Two reviewers independently identified titles and ab-stracts relevant to LLLT for patients suffering from NSCLBP. Full texts of the published articles were ana-lyzed and included. The reference list of the full-text ar-ticles was also reviewed. To be included in this analysis, studies had to meet the following criteria: (1) be ran-domized controlled trials; (2) involve patients suffering from NSCLBP; (3) compare LLLT and placebo treatment (no treatment or sham laser); (4) report pain and/or functional outcomes of patients; (5) attain a PEDro score (an 11-point scale, which is the one most often employed for physical treatments)  of >5 and (6) be written in English. Trials with an unbalanced additional modality between groups were excluded.
Study data were extracted by two reviewers and checked for accuracy by a third reviewer including the interven-tion descripinterven-tion, inclusion/exclusion criteria, baseline, demographics, and values for all outcomes at baseline and after treatment. The primary outcomes of interest were the visual analog pain (VAS) pain score and
disability measured by the Oswestry disability index (ODI)  after treatment. The secondary outcomes of interest were change in VAS pain score (defined as the mean difference between treatment arms from baseline to follow-up) and range of motion (ROM). If the data were not presented in the study as mean and standard deviation, or were presented in a form that prevented calculation of mean and standard deviation, the original authors were contacted.
All the primary and secondary outcomes were continu-ous data, permitting means and standard deviations to be used to calculate a weighted mean difference (WMD) and 95 % confidence interval (CI) in the meta-analysis. Data were presented as a forest plot. All results were checked for clinical and statistical heterogeneity. Hetero-geneity was evaluated by a test for heteroHetero-geneity (I2 stat-istic): significant heterogeneity was defined as I2≤0.10; substantial heterogeneity was defined as I2> 50 %. Data were pooled using a random-effects model. All analyses were conducted using Stata software, version 11.0 (Stata Inc., College Station, TX, USA).
Study selection and characteristics
Figure 1 illustrates the selection process for including studies in the meta-analysis. In total, 221 potential stud-ies were found. Based on the title and abstract content, 202 of these studies were excluded. The full texts of the remaining 19 studies were read, and a further 12 studies were excluded, resulting in seven studies [12–18] retained in the qualitative and quantitative synthesis of this review. A total of 394 patients were included: 202 patients in the LLLT group and 192 patients in the pla-cebo group. Among the total of seven studies, three [16–18] included exercise as an additional treatment method in both study and control groups, while the other four did not. The characteristics of the included studies are listed in Table 1. Six of the seven studies achieved a high-quality PEDro score (≥7) (Table 2). Two otherwise relevant trials were excluded due to PEDro scores < =5. All outcomes with appropriately reported data were extracted and included in the meta-analysis. Outcome measures were grouped according to their construct and design (Table 3).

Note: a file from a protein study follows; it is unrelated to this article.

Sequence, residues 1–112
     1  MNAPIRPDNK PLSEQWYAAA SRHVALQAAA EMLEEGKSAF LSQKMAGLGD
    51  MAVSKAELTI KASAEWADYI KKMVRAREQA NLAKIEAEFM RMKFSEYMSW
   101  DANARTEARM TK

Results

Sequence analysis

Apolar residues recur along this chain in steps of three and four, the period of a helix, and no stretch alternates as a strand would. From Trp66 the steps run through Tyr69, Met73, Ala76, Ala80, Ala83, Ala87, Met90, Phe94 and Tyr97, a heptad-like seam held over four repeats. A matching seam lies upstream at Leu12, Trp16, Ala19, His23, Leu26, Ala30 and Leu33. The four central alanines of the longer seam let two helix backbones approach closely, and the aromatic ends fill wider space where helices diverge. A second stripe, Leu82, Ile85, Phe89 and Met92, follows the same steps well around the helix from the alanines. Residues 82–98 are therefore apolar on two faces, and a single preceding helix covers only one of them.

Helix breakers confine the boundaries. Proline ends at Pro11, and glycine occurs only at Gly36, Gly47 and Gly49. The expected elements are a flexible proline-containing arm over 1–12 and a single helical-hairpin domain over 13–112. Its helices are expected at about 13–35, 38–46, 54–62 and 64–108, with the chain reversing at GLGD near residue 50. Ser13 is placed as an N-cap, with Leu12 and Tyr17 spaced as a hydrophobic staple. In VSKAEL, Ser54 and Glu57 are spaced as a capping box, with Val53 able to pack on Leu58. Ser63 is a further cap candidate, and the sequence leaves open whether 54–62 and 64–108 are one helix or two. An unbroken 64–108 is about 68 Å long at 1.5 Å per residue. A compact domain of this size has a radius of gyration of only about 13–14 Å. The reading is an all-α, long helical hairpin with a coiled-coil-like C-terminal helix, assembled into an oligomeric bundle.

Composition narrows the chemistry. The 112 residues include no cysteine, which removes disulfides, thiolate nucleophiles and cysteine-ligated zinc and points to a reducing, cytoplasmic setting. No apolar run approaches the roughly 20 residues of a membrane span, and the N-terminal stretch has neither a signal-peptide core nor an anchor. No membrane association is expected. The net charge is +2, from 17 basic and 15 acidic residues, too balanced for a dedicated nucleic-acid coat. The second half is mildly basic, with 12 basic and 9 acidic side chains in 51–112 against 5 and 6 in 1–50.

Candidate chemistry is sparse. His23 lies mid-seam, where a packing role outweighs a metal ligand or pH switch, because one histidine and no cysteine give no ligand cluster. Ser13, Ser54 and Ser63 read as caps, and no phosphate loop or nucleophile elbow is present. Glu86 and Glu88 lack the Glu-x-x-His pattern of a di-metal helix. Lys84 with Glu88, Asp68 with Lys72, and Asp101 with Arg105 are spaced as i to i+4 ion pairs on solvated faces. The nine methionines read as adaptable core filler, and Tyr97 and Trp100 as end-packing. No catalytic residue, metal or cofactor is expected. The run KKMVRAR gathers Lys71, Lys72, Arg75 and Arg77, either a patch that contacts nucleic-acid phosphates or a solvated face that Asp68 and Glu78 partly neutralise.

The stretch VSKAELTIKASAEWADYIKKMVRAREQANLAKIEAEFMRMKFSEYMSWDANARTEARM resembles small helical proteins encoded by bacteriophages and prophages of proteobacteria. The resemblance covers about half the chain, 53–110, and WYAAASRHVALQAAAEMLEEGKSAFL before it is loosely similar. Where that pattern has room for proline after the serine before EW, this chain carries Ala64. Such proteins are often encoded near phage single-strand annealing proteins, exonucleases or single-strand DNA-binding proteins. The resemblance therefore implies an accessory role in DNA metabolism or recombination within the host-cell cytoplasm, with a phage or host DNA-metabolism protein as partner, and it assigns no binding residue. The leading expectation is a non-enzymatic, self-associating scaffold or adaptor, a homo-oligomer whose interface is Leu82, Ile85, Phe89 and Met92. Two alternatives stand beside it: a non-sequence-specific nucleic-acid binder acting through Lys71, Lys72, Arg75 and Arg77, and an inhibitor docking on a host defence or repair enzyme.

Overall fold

included studies provided data on change in short-term VAS pain (follow-up minus baseline). The meta-analysis re-vealed significantly greater decline in VAS pain in response to LLLT compared with placebo treatment (WMD = -12.00 [95 % CI = -2.02, -21.98] I2= 77.6 %) (Table 4).
Disability data measured by ODI after treatment were provided by four studies [13, 15–17]. The ODI measures intensity of pain, lifting and activities such as ability to care for oneself, ability to walk, ability to sit, sexual function, ability to stand, social life, sleep quality and ability to travel. The combined results showed no sig-nificant difference between LLLT and placebo groups (WMD = -2.89 [95 % CI = -7.88, 2.29], I2= 88 %) (Fig. 3).
Data on ROM after treatment were provided by three studies and included flexion (angle measured in de-grees), anterior-posterior flexion (measured in centime-ters) and extension (angle measured in degrees). The combined data in terms of these three parameters
demonstrated no statistical difference between the treat-ment groups (Table 4).
have emerged to assess the effectiveness of LLLT in pa-tients with NSCLBP. We performed the current analysis, including seven RCTs with 394 patients, to gain a better understanding of the overall effect of LLLT for NSCLBP based on the higher-quality studies in a field full of seemingly conflicting results. Overall the analysis sug-gests that: (1) LLLT can relieve NSCLBP in a manner su-perior to placebo treatment; (2) LLLT is not susu-perior to placebo treatment with respect to disability or ROM outcomes.
The mechanisms for LLLT-mediated pain relief are not fully understood. Several possible mechanisms are believed to account for the effects of LLLT, such as the following: (a) increased endogenous opioid neurotrans-mitter production ; (b) raised threshold to thermal pain and enhanced local blood circulation ; (c) in-creased oxygen consumption by accelerating the redox reaction rate of the electron respiratory chain of
mitochondria ; (d) increased adenosine triphosphate (ATP) production at the cellular level ; (e) increased production of anti-inflammatory cytokines .